According to Nina Kottler, MD, MS, Associate Chief Medical Officer of Clinical AI and Vice-President of Clinical Operations at Radiology Partners, combining artificial intelligence (AI) detection algorithms with radiologist assessment can increase detection rates between two and 45 percent improve.
In a recent video interview, Dr. Kottler, however, that acknowledging and adequately educating about the potential biases of AI algorithms and inherent biases of radiologists are key to maximizing the impact of AI on patient outcomes.
dr Kottler noted that factors such as the patient’s medical history, the type of exam ordered, an unusual location for a lesion, and distracting pathologies can contribute to variability in the radiologist’s assessment. She also pointed out that educational biases due to one’s own experience, recent missed diagnoses, and satisfaction with the search can also factor into image interpretation.
dr However, Kottler added that there are also biases or limitations in the development of AI algorithms.
“Most AI systems are trained on a series or a few images within an entire image set,” noted Dr. Kottler, who recently gave a talk on AI at the Radiological Society of North America (RSNA) conference. “If you look at a chest X-ray, many chest algorithms are only trained on the frontal image. If you are looking at a head CT for intracranial hemorrhage, most of these (AI) algorithms are only trained on the non-contrast axial soft tissue thin slice series. It doesn’t look at all the other components.”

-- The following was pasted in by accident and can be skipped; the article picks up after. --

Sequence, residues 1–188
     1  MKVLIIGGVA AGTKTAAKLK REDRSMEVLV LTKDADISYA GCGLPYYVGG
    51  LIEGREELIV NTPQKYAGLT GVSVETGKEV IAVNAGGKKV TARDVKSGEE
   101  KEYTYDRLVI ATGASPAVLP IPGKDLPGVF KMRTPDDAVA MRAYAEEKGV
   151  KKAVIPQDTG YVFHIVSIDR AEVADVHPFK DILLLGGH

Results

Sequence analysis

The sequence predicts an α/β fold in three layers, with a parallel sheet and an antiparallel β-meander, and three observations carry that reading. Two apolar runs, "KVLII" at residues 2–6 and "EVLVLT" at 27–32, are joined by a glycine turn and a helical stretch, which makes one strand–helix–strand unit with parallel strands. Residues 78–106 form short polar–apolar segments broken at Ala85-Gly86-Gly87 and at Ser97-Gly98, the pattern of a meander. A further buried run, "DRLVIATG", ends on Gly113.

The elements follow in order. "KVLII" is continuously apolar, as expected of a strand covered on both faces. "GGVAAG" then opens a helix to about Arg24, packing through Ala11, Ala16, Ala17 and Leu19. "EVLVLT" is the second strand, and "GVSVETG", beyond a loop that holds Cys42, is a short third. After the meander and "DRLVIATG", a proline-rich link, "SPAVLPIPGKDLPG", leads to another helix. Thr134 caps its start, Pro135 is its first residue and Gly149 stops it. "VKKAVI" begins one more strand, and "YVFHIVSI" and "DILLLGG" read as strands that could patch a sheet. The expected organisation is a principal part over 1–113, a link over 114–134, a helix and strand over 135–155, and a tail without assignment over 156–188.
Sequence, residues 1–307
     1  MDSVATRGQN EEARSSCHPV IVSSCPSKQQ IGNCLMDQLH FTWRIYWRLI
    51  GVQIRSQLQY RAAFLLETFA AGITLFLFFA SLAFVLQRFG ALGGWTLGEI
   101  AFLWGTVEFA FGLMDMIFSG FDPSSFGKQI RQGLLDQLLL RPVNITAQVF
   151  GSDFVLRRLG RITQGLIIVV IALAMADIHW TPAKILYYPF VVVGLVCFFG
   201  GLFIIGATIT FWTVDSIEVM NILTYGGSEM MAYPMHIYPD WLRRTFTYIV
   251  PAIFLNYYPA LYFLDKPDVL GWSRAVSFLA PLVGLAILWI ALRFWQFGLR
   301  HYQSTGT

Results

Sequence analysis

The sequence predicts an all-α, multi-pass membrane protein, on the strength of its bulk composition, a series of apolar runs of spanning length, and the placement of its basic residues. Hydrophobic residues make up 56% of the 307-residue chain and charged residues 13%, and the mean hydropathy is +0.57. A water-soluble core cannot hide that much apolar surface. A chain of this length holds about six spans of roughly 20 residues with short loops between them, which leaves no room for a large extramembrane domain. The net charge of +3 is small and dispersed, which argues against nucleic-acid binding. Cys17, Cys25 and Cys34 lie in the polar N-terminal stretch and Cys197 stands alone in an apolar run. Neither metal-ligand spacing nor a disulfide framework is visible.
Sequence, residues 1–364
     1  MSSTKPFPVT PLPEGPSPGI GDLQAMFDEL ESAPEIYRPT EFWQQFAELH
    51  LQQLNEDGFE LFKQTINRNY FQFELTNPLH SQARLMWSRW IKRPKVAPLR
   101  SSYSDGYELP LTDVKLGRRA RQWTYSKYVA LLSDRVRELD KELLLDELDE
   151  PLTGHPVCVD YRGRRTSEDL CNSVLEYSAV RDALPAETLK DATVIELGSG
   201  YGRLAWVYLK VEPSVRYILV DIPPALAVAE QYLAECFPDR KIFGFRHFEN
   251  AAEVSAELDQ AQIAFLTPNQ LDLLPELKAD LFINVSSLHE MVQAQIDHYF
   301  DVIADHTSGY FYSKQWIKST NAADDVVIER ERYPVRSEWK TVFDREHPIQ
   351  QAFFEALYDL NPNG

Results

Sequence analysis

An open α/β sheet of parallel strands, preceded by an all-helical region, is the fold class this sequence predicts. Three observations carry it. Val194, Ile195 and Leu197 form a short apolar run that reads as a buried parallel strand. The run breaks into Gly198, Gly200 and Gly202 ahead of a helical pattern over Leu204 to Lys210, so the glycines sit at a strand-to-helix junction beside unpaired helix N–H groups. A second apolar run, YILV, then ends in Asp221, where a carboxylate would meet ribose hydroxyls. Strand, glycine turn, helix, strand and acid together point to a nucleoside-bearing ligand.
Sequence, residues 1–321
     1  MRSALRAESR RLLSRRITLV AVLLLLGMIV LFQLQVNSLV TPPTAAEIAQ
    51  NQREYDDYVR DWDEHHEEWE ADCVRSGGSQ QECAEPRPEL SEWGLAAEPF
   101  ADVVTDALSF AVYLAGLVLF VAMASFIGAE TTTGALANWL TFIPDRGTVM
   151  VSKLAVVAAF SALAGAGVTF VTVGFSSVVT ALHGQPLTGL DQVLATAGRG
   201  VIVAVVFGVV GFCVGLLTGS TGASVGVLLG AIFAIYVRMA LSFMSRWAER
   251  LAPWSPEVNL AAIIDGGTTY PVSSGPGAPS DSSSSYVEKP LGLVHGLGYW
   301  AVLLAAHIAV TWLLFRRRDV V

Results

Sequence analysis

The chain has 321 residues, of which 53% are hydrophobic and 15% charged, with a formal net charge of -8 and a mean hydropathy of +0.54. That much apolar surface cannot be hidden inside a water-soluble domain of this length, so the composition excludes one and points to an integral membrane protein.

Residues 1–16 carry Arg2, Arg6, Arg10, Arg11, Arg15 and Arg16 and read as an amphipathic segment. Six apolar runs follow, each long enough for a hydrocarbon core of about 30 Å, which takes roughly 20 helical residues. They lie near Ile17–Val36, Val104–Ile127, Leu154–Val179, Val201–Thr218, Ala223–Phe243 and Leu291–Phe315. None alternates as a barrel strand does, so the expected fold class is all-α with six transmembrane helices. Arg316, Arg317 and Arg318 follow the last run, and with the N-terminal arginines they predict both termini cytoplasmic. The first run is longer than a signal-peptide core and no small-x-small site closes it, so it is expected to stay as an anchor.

(Editor’s note: For more video interviews with RSNA instructors, click here.)
dr Kottler emphasized adequate training beyond the sensitivity rates and area under the curve (AUC) performance of AI systems.
“We spend a lot of time in our practice trying to understand the bias of AI (the model),” says Dr. kottler “Where does it exaggerate? Where is it underestimated? We pass this information on to our radiologists and inform them. We just don’t give them info like (this AI system) has an AUC of 95 percent, it’s going to be awesome. no We go to them and say (this system) can overwhelm an intracranial hemorrhage when the patient is moving and there is a streak artifact on the exam. It will be missing some of the results in X, Y and Z cases. You take these things to the radiologists and educate them about the biases of the AI. They do it like this (radiology) and AI are stronger together.”
More insights from Dr. Kottler is available in the following video.